Rocks and Reefs Aren’t Worth a War with China

May 4, 2024 Topic: Security Region: Asia Tags: DeterrenceIndo-PacificChinaJapanPhilippines

Rocks and Reefs Aren’t Worth a War with China

A peaceful Indo-Pacific hinges on the United States and China learning to live with one another, not more expansive security relationships.


America is willing to sacrifice for uninhabited rocks and reefs in the East and South China Seas. This is one of the main messages from Japanese prime minister Kishida Fumio and Philippines president Ferdinand Marcos’ official visits to the United States. The Biden administration’s doubling down on advancing Indo-Pacific countries’ interests vis-à-vis China represents a reckless strategy in a region where Washington should be especially shrewd and savvy. Instead of fighting others’ battles and setting itself up to fail, Washington should adopt a restrained regional policy to secure its interests.

Primarily, the United States has no vital interest in the outcome of the Senkaku/Diaoyu Islands or the South China Sea territorial disputes. The islands, rocks, and shoals in question are unpopulated, small, and hold little strategic value. Military outposts on these disputed territories are highly susceptible to attacks, face resupply nightmares, and inherent environmental issues—making any existing or potential Chinese bases more distractions than threats. Additionally, while freedom of navigation in the East and South China Seas is a legitimate concern, Beijing is highly unlikely to halt commerce since it is the prime beneficiary. Not to mention, trade can be rerouted at monetary cost. No lives need to be sacrificed or the world destroyed for mildly cheaper goods.


President Joe Biden’s insistence on U.S. defense treaties with Japan and the Philippines covering the Senkaku/Diaoyu Islands and the Philippines’s military activity in the South China Sea increases tensions and risks conflict with China. Beijing views the two disputes as “core” or vital interests. As such, China is willing to risk war to assert its claim if necessary. Indeed, Beijing became more assertive after Washington announced its “Pivot to Asia,” out of fear it could effectively lose its territorial claims. China’s assertiveness will not disappear with stronger U.S.-Japan-Philippines ties but will likely intensify to test the relationship and attempt to deter it.

Moreover, the “ironclad” security guarantees for Japan and the Philippines’ disputed territory encourage risky behavior. While Japan has been relatively restrained in the East China Sea, its 2012 nationalization of the Senkaku/Diaoyu Islands intensified the dispute with China. Denationalizing the islands and regulating their ownership, which could cool tensions, are likely off the table so long as Washington fully underwrites Japan’s claims.

Unlike Japan’s restraint, the Philippines has seen increased tensions with China under the Marcos administration. Manilla turned down China’s compromises for joint development in the South China Sea and opted to expand military operations in the region, even permitting U.S. troops to access more bases in the northern Philippines—directly across from Taiwan. This growing U.S. military activity in the region puts pressure on Beijing to respond, increasing the risk of an accident that could spiral into conflict. Instead of seeking to lower tensions between its ally and the most powerful country in Asia, Washington rewards Manilla with more and more joint patrols, which do little to keep the peace.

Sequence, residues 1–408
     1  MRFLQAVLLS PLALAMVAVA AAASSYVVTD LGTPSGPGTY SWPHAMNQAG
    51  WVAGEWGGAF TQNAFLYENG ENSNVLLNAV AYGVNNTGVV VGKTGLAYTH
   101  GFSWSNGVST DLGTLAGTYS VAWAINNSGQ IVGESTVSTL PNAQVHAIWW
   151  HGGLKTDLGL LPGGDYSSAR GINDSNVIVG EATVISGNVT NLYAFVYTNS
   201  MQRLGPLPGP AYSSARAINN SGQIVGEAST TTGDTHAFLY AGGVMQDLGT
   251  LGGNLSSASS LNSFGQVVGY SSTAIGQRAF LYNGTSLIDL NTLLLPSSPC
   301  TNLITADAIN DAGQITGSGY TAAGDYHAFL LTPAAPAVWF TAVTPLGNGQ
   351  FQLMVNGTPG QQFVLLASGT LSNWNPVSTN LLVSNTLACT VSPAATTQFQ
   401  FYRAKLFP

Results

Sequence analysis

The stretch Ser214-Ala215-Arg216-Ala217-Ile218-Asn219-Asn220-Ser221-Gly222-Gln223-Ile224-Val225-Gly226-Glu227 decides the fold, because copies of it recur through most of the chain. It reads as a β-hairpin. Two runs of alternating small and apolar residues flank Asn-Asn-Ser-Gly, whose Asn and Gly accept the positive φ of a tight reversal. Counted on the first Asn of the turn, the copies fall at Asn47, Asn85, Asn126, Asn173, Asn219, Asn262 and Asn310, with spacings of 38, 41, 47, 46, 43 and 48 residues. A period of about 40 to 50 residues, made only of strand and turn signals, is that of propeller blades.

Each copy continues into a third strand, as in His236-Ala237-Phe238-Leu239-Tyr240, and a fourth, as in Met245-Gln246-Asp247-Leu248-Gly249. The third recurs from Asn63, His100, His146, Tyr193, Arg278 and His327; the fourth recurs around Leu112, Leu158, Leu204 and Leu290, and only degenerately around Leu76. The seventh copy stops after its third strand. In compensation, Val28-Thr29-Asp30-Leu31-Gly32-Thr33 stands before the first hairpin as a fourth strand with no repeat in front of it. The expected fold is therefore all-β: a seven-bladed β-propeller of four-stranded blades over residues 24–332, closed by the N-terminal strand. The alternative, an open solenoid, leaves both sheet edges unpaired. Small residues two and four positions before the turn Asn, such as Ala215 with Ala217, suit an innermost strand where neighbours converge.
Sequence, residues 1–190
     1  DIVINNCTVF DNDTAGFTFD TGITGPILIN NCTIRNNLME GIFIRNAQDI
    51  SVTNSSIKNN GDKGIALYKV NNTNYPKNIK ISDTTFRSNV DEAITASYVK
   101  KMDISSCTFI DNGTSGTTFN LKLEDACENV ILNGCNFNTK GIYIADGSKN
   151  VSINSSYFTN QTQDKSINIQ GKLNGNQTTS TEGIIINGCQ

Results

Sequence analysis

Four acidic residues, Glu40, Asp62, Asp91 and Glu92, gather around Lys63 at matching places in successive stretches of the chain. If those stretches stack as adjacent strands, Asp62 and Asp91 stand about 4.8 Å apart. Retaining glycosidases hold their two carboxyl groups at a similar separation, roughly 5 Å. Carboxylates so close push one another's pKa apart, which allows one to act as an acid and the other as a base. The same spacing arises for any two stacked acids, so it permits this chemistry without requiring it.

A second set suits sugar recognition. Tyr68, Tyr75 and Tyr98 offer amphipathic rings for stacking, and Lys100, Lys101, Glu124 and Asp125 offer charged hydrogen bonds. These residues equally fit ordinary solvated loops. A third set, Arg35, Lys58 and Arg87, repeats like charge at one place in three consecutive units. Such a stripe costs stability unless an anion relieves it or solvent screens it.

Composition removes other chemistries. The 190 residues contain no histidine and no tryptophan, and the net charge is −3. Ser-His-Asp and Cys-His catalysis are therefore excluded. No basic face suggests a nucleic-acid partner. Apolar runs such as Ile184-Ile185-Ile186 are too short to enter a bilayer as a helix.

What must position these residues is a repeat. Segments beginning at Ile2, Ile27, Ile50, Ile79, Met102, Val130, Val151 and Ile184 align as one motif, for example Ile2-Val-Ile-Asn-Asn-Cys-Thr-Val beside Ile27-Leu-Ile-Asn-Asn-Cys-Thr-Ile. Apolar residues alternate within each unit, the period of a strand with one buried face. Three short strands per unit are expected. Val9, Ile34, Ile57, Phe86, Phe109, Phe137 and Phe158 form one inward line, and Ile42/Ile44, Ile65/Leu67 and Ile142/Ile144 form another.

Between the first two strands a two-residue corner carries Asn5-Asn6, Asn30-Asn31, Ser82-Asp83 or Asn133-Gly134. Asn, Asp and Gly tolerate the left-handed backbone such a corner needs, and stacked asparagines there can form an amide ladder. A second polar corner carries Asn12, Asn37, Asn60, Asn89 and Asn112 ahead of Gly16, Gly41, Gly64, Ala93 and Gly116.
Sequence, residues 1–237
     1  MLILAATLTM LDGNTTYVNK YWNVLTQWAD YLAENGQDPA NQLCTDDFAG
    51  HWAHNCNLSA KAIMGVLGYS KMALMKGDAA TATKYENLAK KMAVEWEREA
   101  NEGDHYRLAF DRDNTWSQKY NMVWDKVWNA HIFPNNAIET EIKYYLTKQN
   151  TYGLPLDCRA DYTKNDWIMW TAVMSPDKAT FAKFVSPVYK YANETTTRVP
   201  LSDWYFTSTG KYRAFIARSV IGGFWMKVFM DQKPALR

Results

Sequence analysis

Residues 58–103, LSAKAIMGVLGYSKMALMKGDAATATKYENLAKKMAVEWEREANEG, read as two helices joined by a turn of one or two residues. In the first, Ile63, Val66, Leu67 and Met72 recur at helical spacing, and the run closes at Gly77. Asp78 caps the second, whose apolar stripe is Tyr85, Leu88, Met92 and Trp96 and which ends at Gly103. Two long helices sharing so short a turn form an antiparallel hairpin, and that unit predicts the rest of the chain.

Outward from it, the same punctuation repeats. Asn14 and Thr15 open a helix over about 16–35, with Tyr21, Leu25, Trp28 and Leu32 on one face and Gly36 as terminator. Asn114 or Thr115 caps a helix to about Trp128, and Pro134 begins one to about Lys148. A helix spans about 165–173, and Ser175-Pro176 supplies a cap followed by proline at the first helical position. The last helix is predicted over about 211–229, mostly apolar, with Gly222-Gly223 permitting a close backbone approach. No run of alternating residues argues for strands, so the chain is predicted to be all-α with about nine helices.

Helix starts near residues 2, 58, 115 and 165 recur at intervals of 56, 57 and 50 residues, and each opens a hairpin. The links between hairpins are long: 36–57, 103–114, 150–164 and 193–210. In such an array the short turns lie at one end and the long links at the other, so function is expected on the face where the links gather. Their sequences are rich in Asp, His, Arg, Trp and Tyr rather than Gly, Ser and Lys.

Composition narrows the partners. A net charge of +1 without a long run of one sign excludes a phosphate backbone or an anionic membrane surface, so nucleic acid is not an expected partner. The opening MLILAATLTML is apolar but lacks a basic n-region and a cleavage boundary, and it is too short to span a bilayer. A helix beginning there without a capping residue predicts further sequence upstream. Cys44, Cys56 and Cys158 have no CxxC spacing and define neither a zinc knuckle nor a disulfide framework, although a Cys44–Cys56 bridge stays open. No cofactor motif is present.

As the United States would be drawn into a war to defend Japanese and Filipino claims against China, Washington risks losing the Indo-Pacific. While ties with Japan, Australia, and New Zealand would likely survive a conflict—Southeast Asia could very well be lost. For the first time, Southeast Asian elites might choose Beijing over Washington if forced. Besides lost economic opportunities, counterterrorism and counternarcotics efforts could be damaged, as could cooperation on global health—all issues that directly impact American security, prosperity, and well-being.

At best, a U.S.-China war would see the United States severely weakened militarily and economically, possibly even politically fractured at home. Americans would be less able to provide for their families’ basic needs and security.      

Instead of risking U.S. vital interests, Washington should walk back its commitments to defend uninhabited rocks, reefs, and islands in the South and East China Seas. These commitments are already not credible. Would the United States really risk a nuclear war over a shoal thousands of miles away? Though highly uncredible, the reassurances should still be revoked to minimize the risks and replaced with a firm reassurance that the main islands of the Philippines and Japan would be resolutely defended if attacked.

A peaceful Indo-Pacific hinges on the United States and China learning to live with one another, not more expansive security relationships. While centered on China, expanding these relationships without care for vital U.S. interests puts national security in danger. The Biden administration’s persistence in defining international affairs as a grand struggle between democracies and autocracies and the cornerstone of its regional partnerships makes the situation worse. In response, Beijing increasingly sees U.S. policy as a threat to its sovereignty. As an alternative to an ideology-based and military-first approach, a new operating model centered on vital interests and diplomacy is needed.

Quinn Marschik is a Contributing Fellow at Defense Priorities.